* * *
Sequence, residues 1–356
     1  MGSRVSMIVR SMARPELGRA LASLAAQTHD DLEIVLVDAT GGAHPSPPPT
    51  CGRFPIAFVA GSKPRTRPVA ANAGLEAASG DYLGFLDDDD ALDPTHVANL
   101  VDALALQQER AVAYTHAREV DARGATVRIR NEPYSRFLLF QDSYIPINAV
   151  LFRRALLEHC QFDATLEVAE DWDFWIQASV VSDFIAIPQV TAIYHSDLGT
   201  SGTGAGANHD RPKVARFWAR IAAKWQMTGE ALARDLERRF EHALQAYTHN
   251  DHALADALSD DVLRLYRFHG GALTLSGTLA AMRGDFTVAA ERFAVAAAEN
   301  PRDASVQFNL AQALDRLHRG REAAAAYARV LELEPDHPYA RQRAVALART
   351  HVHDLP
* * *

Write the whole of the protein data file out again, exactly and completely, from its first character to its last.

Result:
Sequence, residues 1–356
     1  MGSRVSMIVR SMARPELGRA LASLAAQTHD DLEIVLVDAT GGAHPSPPPT
    51  CGRFPIAFVA GSKPRTRPVA ANAGLEAASG DYLGFLDDDD ALDPTHVANL
   101  VDALALQQER AVAYTHAREV DARGATVRIR NEPYSRFLLF QDSYIPINAV
   151  LFRRALLEHC QFDATLEVAE DWDFWIQASV VSDFIAIPQV TAIYHSDLGT
   201  SGTGAGANHD RPKVARFWAR IAAKWQMTGE ALARDLERRF EHALQAYTHN
   251  DHALADALSD DVLRLYRFHG GALTLSGTLA AMRGDFTVAA ERFAVAAAEN
   301  PRDASVQFNL AQALDRLHRG REAAAAYARV LELEPDHPYA RQRAVALART
   351  HVHDLP